Feb 20
johnstonj's picture

The Sugarhouse

My bright, pink ski pants stick out against the crowd of camouflage, hunter orange, and plaid clothing. I perch on a flipped bucket, a sugarhouse luxury.

The family sugarhouse is an old wooden structure, the type of place you only enjoy while surrounded by others. Each spring we enjoy tireless days of collecting sap and sleepless nights boiling it into maple syrup.

We arrive at the sugarhouse to gather just in time. The tractor doesn’t wait, not for anyone. It pulls a trailer, carrying the sap tank. Just beyond the tank, wood planks extend for the crew to stand on. We all pile on and grab what we can to hold on. I watch the yellow lines of the road skip by underneath.

The mud stuck to the huge wheels of the tractor begin flying into the air as we speed up. We call them “mud-hoppers” – a mud grasshopper.

Before long, full sap buckets hang in the distance. As a small little girl, I couldn’t carry much sap. Each person was handed a five-gallon pail to empty all the closest sap buckets hanging from the maple trees. Sheets of ice would float at the top of the sap, which splashed you as the sap bucket was emptied into the five-gallon pail. I would be splashed as I waddled back with my heavy bucket, sap sloshing around and splatting in the mud. A family member helped me with the challenge of lifting the heavy bucket up to be emptied into the sap tank.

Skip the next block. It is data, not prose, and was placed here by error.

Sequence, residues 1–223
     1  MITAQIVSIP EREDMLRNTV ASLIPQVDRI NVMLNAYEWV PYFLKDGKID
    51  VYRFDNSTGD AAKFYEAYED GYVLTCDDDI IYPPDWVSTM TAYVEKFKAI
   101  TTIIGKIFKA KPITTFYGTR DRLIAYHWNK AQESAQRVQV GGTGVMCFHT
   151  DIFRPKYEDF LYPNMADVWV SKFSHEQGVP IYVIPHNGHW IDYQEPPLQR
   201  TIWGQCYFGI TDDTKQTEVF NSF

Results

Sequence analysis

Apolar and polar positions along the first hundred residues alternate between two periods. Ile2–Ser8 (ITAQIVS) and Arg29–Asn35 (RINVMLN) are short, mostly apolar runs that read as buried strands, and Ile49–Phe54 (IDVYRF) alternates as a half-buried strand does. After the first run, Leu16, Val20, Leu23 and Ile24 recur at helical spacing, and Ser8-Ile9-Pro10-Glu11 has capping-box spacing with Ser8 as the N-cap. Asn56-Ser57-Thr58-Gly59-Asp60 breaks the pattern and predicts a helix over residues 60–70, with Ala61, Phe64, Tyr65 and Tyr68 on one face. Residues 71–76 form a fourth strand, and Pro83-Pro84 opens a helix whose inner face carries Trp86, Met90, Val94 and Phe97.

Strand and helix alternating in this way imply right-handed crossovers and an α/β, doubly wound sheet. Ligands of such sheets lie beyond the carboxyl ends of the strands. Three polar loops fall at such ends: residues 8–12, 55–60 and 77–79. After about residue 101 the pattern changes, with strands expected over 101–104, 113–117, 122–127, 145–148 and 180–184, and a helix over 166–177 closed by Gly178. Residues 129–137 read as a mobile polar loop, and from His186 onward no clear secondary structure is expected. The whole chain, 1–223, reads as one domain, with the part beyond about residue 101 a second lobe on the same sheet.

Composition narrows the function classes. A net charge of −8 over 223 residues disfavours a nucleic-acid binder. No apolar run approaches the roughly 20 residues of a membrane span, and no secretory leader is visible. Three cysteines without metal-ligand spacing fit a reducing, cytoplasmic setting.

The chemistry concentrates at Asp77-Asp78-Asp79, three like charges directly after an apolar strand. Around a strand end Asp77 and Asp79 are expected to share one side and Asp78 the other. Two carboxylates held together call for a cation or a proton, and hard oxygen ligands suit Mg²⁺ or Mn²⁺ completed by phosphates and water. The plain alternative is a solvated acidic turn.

To quench their thirst, some would sip sap from the buckets, the “Gatorade of the woods.” It didn’t take very many moths and spiders floating in the sap for me to give up the sap drinking habit. It took a lot of convincing about how long the sap is boiled and filtered to put my fears to rest.

Once many buckets are emptied, the sap tank is nearly full. We gather on the trailer, back to the sugarhouse where the next stage begins. The back wall of the sugarhouse made entirely of stacked firewood slowly withers away as a fire is made to boil the filtered sap.

I return to my bucket seat for fresh syrup samples. Hand-welded ladles scoop up boiling syrup to be held carefully to your mouth, like a dainty flute. The hot sweet taste is indescribable. Once again, the tractor-pulls around and everyone scurries on.

Nowadays, my family doesn’t sugar quite as much. Busy lives leave little time for such dedication and commitment. Even some laws prohibited our old buckets from being used, directing us toward the alternative of a blue pipeline running from tree to tree, slicing the forest apart.

To this day, I am questioned for the amount of maple syrup I drizzle all over my pancakes and waffles, or how I’ll pay extra for REAL maple syrup. But it’s because I know that sometime, somewhere, someone’s hard work needs to be truly appreciated.
johnstonj's picture
About the Author: johnstonj
Author has not loved anything.
Author has not made any comments.